Dharma Kelleher: I thought you did that very well because I’ve experienced those conflicts very much myself,  the wanting to be the rebel, the outlaw and living by my own truth. And at the same time, when you do that, it makes it hard to get by, just to have a job in the world.

Michael Nava: It’s tough.

Dharma Kelleher: And so, you have to choose your battles and pick the different parts of your identity that you want to live and how you want to live. 

Michael Nava: Exactly. That’s totally true.

Dharma Kelleher: I’ve seen at least from my perspective the communities evolve a little bit over the decades where both paths are considered valid.

Michael Nava: Yeah, but they do still come into conflict. I mean, it’s interesting with this tendency of Mayor Pete whose last name I still can’t pronounce.

Dharma Kelleher: Buttigieg.

Michael Nava: Yeah, it’s like I’m seeing the guy, I’m seeing the future again between sort of gay men who would like to embrace him, who tend to be middle-upper, middle-class white guys, and then people who are more skeptical, who tend to be people of color, queer people of color. And I think it’s a historic event that a queer person can be taken seriously as a candidate for president.

Dharma Kelleher: Absolutely.

Michael Nava: I personally at this point support Elizabeth Warren.

Dharma Kelleher: I think President Obama had some similar situations where there was talk about “Was he black enough?” Whatever that means to different people. Because he was predominantly raised by his white grandmother and his white mother, and so there was some pushback as “Is he really one of us?” Us referring to people of color, not myself because I’m white.

So when we see someone like Pete Buttigieg, we question, “Is he queer enough? Is he going to really represent our values, our needs, the struggles that we’re going through?” And so, you’re right. It’s still a valid question when someone stands up to speak up for the community.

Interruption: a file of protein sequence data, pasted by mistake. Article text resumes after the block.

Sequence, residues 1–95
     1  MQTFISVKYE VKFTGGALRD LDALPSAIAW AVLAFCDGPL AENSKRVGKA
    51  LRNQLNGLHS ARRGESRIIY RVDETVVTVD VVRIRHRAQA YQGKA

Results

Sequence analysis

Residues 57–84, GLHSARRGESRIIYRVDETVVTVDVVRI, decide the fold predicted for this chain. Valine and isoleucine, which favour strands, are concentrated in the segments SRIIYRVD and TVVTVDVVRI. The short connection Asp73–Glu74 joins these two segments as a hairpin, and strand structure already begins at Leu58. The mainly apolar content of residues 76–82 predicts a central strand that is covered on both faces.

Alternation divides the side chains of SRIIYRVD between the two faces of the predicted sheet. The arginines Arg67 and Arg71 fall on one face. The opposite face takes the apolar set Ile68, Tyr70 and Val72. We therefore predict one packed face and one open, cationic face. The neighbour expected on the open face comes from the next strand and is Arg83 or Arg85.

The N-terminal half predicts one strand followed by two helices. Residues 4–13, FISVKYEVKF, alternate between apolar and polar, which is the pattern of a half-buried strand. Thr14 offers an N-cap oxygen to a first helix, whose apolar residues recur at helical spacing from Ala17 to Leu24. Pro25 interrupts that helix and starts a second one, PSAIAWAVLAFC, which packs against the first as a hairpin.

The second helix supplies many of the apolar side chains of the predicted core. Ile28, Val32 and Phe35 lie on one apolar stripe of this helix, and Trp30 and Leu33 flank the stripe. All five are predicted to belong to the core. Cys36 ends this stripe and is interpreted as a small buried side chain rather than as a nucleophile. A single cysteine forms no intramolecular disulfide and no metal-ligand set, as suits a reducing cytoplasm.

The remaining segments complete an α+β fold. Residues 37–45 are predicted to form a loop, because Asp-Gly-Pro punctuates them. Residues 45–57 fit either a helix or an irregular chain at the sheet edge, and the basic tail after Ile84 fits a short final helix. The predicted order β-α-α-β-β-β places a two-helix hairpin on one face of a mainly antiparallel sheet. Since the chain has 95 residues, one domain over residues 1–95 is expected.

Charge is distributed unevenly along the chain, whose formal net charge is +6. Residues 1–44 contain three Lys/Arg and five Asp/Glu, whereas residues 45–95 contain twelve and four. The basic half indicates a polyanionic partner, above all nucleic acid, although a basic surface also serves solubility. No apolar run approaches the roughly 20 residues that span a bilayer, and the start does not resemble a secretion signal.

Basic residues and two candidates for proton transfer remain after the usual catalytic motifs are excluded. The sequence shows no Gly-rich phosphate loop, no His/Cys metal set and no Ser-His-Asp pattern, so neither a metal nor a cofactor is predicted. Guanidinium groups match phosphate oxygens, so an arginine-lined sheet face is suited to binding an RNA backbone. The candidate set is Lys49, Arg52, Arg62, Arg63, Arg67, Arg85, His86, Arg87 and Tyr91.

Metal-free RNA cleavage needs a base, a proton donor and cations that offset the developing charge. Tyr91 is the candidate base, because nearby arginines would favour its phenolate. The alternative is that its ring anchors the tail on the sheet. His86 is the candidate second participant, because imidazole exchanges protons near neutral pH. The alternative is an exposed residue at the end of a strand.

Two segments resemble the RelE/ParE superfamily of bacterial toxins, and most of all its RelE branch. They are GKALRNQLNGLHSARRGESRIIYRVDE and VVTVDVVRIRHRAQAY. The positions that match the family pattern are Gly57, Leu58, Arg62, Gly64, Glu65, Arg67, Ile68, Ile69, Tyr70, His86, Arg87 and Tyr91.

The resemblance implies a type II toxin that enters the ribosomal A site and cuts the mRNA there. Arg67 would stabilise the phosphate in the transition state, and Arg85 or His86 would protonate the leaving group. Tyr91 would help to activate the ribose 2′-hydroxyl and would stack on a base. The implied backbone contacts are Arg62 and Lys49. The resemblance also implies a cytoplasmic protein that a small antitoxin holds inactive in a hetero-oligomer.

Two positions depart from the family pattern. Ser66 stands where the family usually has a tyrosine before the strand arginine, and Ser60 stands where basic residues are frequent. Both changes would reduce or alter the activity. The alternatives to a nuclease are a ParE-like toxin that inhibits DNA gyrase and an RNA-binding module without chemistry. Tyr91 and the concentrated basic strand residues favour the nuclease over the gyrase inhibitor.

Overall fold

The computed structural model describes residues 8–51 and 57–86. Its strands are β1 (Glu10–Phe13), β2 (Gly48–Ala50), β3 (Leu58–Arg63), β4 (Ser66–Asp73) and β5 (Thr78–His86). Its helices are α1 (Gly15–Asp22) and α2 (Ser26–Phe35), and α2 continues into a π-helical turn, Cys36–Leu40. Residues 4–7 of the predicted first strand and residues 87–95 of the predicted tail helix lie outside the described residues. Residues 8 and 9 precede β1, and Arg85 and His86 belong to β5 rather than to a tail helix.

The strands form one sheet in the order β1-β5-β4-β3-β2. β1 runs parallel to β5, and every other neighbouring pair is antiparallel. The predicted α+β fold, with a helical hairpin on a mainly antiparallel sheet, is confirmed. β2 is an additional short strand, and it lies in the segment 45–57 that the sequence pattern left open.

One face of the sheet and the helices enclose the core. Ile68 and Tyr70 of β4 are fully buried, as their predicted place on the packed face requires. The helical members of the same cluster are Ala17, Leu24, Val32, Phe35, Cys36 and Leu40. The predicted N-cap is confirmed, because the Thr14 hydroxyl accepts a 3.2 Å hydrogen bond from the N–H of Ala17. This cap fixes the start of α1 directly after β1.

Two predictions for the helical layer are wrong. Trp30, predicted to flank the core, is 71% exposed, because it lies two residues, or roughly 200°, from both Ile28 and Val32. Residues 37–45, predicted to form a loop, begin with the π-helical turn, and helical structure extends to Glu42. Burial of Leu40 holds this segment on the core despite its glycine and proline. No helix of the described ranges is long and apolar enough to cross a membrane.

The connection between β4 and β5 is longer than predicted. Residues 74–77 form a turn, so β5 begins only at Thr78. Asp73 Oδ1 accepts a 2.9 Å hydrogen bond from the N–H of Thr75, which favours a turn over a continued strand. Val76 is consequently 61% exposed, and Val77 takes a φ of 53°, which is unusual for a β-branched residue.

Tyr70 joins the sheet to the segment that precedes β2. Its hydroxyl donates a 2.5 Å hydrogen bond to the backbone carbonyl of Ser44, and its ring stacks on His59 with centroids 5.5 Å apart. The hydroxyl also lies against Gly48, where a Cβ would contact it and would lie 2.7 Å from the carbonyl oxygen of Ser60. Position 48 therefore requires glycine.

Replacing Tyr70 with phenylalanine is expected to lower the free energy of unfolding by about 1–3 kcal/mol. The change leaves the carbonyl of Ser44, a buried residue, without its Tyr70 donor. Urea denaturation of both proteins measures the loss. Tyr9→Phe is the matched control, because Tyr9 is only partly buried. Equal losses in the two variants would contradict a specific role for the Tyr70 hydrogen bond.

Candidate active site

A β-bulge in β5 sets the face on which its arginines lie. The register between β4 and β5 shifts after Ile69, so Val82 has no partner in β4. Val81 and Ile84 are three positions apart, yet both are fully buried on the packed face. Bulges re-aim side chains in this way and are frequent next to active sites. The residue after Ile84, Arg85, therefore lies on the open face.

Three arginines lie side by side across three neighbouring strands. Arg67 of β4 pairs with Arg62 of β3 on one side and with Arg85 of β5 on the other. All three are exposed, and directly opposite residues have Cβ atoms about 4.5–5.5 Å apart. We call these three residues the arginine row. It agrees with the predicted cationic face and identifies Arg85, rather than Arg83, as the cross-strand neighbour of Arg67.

Michael Nava: And even who gets designated for that, right? I’m not sure that he wanted it necessarily any more than Obama wanted it. But the fact is they are who they are. So, they’re stuck with it. 

Dharma Kelleher: Now one of the places where Henry’s and Bill’s timelines cross is with Nick Trejo, who comes from a very different background. Tell us about Nick.

Michael Nava: So, Nick becomes Bill’s lover, and he’s ten years younger than Bill. So, Bill meets him when he’s an eighteen-year-old, first-year student at San Francisco State. And Nick comes from a very warm and loving and accepting working-class, Mexican-American family.

And so, he doesn’t really have the issues that Bill does about accepting himself, which is one of the reasons that Bill was most attracted to him early on. Also finds him kind of difficult. And for Rios who comes from a not-very-loving, Mexican-American family, he marvels that this can be, really. And it brings up for him his own his memories of his own difficult childhood in relationship with his father.

Because Nick’s father, who’s dead by the time the book starts, really loved Nick and kind of knew Nick was a gay little boy when Nick was playing with dolls. And his father would defend him against his older brothers who picked on him for that.

Dharma Kelleher: What kind of research did you have to do for this book?

Michael Nava: What kind of research?

Dharma Kelleher: Yeah.

Michael Nava: So, I did a fair amount of research, and I spent considerable time in the archives of the Gay and Lesbian Historical Society here in San Francisco, because they have this enormous collection of material from ordinary gay men who died during the epidemic.